Results: Participants (n=44) reported that round trip travel to the clinic requires an average of 2.3±2.3 hours of time and $27.04±38.13. Participants rated the difficulty associated with attending clinic as being moderate to significant (2.5±1.3). Regression analyses that included disease features produced better models and accounted for greater variance in difficulty attending the clinic, (p< 0.001, McFadden pseudo R2 = .515), as compared with socioeconomic variables alone (p< 0.001, McFadden pseudo R2 = .140).
The RS-tDCS protocol was successful in providing treatment (95% compliance to treatment) and 93% of participants reported satisfaction with the treatment and remote protocols.
Conclusions: Participants with MS face considerable difficulty reaching the clinic, largely due to increasing neurologic disability. Telemedicine techniques such as RS-tDCS can increase treatment access, reduce physical and financial burden of travel and maintain high rates of treatment adherence.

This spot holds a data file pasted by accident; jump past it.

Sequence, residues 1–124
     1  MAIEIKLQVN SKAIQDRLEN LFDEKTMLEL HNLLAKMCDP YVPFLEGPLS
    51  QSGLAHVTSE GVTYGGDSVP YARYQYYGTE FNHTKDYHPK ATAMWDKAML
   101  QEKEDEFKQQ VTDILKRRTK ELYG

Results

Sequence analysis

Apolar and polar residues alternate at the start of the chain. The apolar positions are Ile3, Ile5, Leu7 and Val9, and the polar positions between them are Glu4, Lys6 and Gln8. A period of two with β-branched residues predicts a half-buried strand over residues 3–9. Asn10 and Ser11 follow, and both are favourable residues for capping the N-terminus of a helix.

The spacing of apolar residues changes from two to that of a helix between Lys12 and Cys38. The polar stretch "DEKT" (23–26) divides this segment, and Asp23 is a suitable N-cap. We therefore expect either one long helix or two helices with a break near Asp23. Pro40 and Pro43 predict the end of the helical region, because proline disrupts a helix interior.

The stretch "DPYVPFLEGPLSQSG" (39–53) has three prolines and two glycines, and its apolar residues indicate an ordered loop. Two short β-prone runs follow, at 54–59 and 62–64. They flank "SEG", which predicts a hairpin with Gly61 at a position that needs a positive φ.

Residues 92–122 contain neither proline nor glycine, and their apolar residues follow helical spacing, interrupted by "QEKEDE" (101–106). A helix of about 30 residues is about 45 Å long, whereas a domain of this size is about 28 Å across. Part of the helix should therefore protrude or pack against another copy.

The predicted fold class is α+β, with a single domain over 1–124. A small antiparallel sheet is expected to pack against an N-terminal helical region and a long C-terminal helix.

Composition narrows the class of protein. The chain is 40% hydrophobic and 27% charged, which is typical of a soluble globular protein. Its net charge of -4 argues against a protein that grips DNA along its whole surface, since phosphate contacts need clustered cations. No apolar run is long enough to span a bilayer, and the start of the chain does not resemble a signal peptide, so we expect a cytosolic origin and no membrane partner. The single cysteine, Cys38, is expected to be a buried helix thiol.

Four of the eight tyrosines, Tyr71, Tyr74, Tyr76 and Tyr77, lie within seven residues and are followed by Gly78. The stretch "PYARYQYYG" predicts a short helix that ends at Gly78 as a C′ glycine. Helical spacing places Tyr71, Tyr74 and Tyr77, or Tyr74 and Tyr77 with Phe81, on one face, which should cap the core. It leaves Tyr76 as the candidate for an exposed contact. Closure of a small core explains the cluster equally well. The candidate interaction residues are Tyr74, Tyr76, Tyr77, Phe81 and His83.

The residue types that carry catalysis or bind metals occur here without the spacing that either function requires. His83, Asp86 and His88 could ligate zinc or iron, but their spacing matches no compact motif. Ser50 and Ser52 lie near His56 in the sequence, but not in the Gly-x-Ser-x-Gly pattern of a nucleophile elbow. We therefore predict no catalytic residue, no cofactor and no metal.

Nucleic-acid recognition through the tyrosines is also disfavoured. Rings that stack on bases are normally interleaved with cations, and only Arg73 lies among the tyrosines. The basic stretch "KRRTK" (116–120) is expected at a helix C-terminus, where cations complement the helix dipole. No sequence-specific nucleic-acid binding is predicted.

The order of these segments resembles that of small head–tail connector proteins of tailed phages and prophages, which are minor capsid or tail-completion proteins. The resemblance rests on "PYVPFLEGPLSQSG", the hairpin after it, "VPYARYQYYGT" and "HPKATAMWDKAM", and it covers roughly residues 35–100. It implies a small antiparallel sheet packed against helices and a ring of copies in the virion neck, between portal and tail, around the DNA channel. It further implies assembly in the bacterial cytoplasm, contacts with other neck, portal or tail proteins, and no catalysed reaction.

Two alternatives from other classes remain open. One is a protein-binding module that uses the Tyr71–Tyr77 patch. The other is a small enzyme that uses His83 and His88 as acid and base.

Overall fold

Disclosure: This pilot study was funded by the National Multiple Sclerosis Society.
Michael Shaw reports no conflicts of interest.
Pamela Best reports no conflicts of interest.
Ariana Frontario reports no conflicts of interest.
Matthew Lustberg reports no conflicts of interest.
Kai Sherman reports no conflicts of interest.
Lauren Krupp reports no conflicts of interest.
Leigh Charvet reports no conflicts of interest.

Abstract: P704

Type: Poster Sessions

Abstract Category: RIMS - Multi-disciplinary rehabilitation

M. Shaw1, P. Best1, A. Frontario2, M. Lustberg1, K. Sherman1, L. Krupp1, L. Charvet1

1New York University Langone Medical Center, New York, NY, 2Lake Erie College of Osteopathic Medicine, Erie, PA, United States

Introduction: Travel to clinic can be difficult due to barriers of time and cost and becomes even more burdensome for MS patients living with disabilities. Telemedicine platforms present a solution by providing supervised treatment and rehabilitation at home. Without barriers to access, patients may be more compliant and adherent to daily rehabilitation exercises.